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Yet another guide on backing up dotfiles

A few months ago I came across this article which explained how a bare git repository can be used to backup dotfiles in the *NIX home directory. I messed around with it for a while and finally ended up with a no-nonsense system for managing system dotfiles.

A bare git repository is almost like a regular git project that you might create with git init. The only difference is that it doesn't have a specific working tree but only the actual git repo (i.e. the .git folder).

Step One: Initializing the git repository

This is as simple as running the commands:

$ mkdir "${XDG_CONFIG_HOME}/cfg"
$ git init --bare "${XDG_CONFIG_HOME}/cfg/.git/"
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If you've used git for any period of time then you know that the git init command initializes an empty repository in the folder that you're currently in. Since we want to create a bare repository, we pass the --bare flag and the location of the git folder. This should create a .git folder in ~/.config/cfg. If you inspects its contents you'll find that they are similar to any other repository's .git folder.

Step Two: Accessing the repository via an alias/function

Add the following line to your .zshrc or .bashrc along with the rest of your aliases:

cfg() { git --git-dir="${XDG_CONFIG_HOME}/cfg/.git/" --work-tree="$HOME" "$@" ; }
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This function will allow us to stage and commit files to our backup repository. The --git-dir flag specifies the git repository we made in step one and --work-tree will allow us to track any file in our $HOME directory using the repo.

Step Three: Ignoring files we don't want to backup

Run exec $SHELl or restart your terminal to make the alias we made in the previous step available. Then, run the following command, so that the repository doesn't display the hundreds of files in your home directory every time you check it's status:

$ cfg config --local status.showUntrackedFiles no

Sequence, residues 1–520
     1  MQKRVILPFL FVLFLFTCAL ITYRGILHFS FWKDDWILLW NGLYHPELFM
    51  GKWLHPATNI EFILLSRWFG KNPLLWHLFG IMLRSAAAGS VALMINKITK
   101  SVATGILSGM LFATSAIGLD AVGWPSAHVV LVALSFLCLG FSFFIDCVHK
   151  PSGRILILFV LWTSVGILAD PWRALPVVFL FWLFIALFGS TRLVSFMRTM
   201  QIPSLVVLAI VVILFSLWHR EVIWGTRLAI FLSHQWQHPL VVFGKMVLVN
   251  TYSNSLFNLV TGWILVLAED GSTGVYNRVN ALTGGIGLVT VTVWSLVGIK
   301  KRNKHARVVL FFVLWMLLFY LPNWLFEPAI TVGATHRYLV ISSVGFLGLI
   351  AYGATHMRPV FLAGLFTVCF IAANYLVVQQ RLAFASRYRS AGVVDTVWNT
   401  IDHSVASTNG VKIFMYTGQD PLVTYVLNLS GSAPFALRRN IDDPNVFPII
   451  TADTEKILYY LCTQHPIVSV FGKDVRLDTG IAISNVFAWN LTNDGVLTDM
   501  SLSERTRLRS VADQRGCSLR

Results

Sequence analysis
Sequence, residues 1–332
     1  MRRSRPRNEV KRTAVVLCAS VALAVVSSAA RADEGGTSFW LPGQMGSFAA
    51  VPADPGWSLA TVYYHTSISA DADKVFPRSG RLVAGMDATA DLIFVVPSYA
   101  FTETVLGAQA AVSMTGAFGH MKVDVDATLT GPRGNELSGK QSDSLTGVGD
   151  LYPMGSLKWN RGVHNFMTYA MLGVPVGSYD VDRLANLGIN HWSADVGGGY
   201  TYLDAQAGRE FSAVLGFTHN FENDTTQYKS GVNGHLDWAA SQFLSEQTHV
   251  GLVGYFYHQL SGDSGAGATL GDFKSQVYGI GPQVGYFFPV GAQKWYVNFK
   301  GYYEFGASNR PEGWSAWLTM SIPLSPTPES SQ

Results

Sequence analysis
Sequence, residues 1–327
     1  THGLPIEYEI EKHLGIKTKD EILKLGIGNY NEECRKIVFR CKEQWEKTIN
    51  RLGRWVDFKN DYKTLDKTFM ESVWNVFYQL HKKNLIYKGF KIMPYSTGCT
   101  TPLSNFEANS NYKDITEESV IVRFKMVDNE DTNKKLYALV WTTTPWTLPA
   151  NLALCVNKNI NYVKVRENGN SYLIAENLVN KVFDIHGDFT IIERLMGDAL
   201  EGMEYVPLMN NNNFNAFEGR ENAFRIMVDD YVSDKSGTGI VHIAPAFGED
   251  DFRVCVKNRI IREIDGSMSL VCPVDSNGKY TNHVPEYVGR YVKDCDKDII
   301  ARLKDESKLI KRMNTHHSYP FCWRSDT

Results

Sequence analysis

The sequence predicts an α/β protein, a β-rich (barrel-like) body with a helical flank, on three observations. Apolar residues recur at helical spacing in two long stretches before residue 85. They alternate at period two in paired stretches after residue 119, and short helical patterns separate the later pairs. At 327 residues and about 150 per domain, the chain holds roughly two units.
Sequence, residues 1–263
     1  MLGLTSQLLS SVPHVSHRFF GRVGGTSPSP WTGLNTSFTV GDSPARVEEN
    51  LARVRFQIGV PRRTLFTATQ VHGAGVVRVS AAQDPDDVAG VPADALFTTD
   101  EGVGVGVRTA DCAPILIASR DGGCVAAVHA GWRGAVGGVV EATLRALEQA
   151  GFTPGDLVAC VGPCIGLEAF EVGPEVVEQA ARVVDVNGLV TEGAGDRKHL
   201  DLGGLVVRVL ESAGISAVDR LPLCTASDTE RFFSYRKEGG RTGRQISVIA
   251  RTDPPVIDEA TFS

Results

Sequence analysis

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Step Four: Setup a remote repository

Create an empty remote repository (I will be using GitHub) and get its SSH or HTTP. On GitHub this is immediately available after the repo is created. Finally add the remote with:

$ cfg remote add origin <URL>
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At this point you can simply do something like:

$ cfg add ~/.vimrc
$ cfg commit -m "Adding .vimrc"
$ cfg push origin master
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This will make the repository start tracking your .vimrc and you can commit and push the file to GitHub. Pretty much all git commands like status and diff should now be available to you with the cfg function.

Getting your dotfiles on a new system:

Now all you have to do on a new system is run the following commands and you'll have all your settings back:

git init --bare "${XDG_CONFIG_HOME}/cfg/.git/"
cfg() { git --git-dir="${XDG_CONFIG_HOME}/cfg/.git/" --work-tree="$HOME" "$@" ; }
cfg config --local status.showUntrackedFiles no
cfg remote add origin
cfg pull origin master
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You might get some errors if you already have, say, a .zshrc in your new system. In this case you probably would want to delete this before pulling your files from the remote.

That's it we're done 🥳. Please do tell me if you face any issues with the script, in case you use it!

Top comments (2)

simmetopia profile image
Simon Bundgaard-Egeberg

Very nice take on it! Will definitely use the alias part. Have you heard of gnu stow? It's a symlink helper, which allows you to have your config in a random folder, then run stow configs (if that was the folder name) and it will symlink the structure of that folder to your home directory. Pretty neat, and only requires gnu stow. It's also available in homebrew for the maccies :)

nimai profile image
Nimai • Edited

No, I haven't tried gnu stow but I'll definitely check it out, thank-you :D